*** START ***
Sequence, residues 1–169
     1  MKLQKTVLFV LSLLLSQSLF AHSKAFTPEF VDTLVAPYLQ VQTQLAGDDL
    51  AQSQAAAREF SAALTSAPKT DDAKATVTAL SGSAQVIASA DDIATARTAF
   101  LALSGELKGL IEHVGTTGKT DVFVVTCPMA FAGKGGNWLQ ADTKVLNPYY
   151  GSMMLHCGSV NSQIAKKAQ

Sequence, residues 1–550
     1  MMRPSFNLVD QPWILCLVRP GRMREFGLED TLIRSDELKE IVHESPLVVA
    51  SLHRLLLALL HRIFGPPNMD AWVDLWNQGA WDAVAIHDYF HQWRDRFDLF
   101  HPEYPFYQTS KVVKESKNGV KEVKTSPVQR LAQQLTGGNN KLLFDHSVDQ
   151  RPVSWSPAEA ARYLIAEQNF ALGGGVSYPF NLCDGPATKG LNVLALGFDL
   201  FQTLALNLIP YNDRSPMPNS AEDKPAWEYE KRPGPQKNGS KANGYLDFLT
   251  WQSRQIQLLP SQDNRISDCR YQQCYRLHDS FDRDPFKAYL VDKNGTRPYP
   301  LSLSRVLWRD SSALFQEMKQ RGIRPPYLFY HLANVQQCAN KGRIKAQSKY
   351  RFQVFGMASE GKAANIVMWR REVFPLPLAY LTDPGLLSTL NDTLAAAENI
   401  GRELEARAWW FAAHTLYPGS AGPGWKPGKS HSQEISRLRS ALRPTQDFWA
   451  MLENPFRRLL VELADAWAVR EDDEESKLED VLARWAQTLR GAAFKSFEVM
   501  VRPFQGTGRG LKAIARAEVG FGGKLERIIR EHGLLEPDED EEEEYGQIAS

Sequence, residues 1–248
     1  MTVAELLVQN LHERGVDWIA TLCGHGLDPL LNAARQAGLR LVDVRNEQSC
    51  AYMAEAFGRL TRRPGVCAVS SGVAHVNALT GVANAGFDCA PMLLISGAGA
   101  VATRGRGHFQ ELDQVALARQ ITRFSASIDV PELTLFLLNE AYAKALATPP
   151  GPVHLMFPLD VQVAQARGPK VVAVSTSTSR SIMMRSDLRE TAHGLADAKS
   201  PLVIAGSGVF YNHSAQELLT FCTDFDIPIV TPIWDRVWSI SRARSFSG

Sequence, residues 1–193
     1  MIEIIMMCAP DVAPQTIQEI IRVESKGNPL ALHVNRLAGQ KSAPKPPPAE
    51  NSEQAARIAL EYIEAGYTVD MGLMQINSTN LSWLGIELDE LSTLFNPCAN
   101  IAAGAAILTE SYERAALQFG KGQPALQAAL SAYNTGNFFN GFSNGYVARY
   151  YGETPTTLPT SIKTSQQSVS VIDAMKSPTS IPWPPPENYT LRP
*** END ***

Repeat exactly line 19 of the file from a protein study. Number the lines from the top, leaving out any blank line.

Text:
     1  MTVAELLVQN LHERGVDWIA TLCGHGLDPL LNAARQAGLR LVDVRNEQSC